Let’s kick off our week with some review of the current state of play.
Reuters is reporting that the semiconductor shortage could last well into 2022, and that smartphone production may be next to be impacted. Intel revealed a timeline in their earnings call, expecting shortages to bottom out in the second half of this year, and one to two years to catch up with the demand. Of course, the company also reported record revenues for the quarter ending June 30, with its PC business sales up 33 percent year over year..
How about business travel – the airlines are reporting that while it’s recovering, the levels are half of what they were in 2019. They anticipate the reopening dates of September and October as key. Of note – sales and consulting travel is up. Fares are similar to pre-pandemic levels, and there will be a four to six week lag between business travel and reopenings. And, it’s unknown how hybrid work will impact travel.
Here’s one trend to track too – nearly one quarter of Americans have had a virtual doctor appointment in the last month. That’s down 1 percentage point since the question was started in April. Other stat – it’s 21% of doctors’ visits in April 2021, compared with 69% of visits in April 2020. One reason – patients are returning for care that was pushed off because of the pandemic, per earnings reports from hospital operators.
And the larger context here – the ongoing pandemic. The daily average of confirmed cases in the US has about quadrupled during July, and new projections say this will accelerate through the summer and fall, with a peak in mid-October, attributed to thew more aggressive Delta variant.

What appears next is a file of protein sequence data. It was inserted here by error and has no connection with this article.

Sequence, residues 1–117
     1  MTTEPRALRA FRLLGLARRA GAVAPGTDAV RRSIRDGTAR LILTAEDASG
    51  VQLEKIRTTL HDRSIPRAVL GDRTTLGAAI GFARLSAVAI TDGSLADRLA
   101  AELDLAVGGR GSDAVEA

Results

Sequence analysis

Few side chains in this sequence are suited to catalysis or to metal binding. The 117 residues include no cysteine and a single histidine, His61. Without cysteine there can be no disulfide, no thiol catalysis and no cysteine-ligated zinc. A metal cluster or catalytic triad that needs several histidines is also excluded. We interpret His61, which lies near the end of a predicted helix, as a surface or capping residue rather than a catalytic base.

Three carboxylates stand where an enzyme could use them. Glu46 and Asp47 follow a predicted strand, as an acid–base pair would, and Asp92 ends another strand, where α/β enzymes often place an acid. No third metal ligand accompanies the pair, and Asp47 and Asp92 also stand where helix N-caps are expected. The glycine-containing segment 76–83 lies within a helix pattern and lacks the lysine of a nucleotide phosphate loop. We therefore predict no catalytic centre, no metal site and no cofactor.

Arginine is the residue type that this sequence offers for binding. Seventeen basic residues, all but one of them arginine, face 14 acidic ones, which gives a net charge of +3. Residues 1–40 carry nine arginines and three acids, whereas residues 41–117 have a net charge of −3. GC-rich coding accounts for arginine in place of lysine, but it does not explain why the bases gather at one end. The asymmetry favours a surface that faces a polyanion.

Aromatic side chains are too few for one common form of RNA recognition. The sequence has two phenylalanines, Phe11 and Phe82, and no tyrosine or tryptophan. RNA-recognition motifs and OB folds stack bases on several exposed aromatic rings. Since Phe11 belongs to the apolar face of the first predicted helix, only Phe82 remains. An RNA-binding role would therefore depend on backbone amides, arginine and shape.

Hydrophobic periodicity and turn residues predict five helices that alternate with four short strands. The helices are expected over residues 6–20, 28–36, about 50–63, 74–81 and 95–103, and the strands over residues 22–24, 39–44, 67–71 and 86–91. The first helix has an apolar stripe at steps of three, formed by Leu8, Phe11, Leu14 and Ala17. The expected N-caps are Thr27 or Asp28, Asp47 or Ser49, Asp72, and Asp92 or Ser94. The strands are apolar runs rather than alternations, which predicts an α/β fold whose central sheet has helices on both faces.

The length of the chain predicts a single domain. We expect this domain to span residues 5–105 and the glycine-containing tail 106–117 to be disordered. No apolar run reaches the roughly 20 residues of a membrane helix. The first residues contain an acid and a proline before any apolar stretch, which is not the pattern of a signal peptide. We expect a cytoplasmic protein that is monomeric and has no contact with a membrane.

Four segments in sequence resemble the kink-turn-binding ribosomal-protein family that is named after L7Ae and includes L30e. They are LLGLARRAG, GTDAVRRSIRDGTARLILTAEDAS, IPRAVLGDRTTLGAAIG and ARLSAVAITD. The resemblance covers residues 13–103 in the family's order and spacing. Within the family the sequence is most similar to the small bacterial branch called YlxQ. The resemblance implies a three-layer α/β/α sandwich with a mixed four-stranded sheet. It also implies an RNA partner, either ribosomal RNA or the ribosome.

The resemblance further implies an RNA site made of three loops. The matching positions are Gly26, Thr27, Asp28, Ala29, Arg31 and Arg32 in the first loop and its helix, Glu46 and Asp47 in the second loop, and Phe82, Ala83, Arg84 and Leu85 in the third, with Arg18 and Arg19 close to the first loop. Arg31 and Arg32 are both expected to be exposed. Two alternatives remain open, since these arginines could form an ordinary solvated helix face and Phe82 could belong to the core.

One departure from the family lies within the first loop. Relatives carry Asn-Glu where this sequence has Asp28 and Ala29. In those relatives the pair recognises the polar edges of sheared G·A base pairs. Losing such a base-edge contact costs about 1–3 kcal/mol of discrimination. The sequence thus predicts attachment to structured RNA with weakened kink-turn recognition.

Why do we care?
I’ll do more world of work tomorrow too, but the COVID context matters to start with. This is going to change the state of the market over the rest of the year. It’s not over yet, folks.
The market is not what it was, and it won’t be what it was. The chip shortage is going to be a constant, and as that drives a lot of technology spending, my recommendation is to be working with customers earlier on their plans. It’s going to take a lot longer to get new gear that you might expect.
The data in virtual doctors visits parallels a lot of work experiences. Telemedicine is a thing, and it’s not taking over and it’s not disappearing. Behavior will settle in differently… and just like the chip shortage, a “catch up” period for businesses is to be expected. Savvy operators will find their own customers backlog, and expect that what’s happening now isn’t a final state.
Layer in the pandemic, and you have a dynamic, unstable market.